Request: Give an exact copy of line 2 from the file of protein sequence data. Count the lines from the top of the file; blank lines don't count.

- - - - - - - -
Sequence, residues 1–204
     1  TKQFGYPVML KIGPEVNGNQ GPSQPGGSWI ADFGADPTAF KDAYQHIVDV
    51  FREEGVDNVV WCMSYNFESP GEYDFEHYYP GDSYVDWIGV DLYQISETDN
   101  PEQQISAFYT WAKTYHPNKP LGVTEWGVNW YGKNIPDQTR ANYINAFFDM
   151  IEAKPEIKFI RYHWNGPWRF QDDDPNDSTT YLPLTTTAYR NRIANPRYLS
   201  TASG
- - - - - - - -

     1  TKQFGYPVML KIGPEVNGNQ GPSQPGGSWI ADFGADPTAF KDAYQHIVDV